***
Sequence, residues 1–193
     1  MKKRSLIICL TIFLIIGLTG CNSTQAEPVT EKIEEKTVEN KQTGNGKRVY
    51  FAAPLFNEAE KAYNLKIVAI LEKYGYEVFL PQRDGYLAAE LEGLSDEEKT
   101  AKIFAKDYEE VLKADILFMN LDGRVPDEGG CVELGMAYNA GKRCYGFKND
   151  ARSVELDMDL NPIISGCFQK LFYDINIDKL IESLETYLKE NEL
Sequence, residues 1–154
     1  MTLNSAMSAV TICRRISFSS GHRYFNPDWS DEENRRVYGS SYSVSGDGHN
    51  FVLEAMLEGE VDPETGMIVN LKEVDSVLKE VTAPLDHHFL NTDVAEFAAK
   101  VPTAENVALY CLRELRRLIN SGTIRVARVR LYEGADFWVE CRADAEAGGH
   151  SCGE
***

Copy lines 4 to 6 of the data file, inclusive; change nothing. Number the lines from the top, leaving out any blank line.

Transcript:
   101  AKIFAKDYEE VLKADILFMN LDGRVPDEGG CVELGMAYNA GKRCYGFKND
   151  ARSVELDMDL NPIISGCFQK LFYDINIDKL IESLETYLKE NEL
Sequence, residues 1–154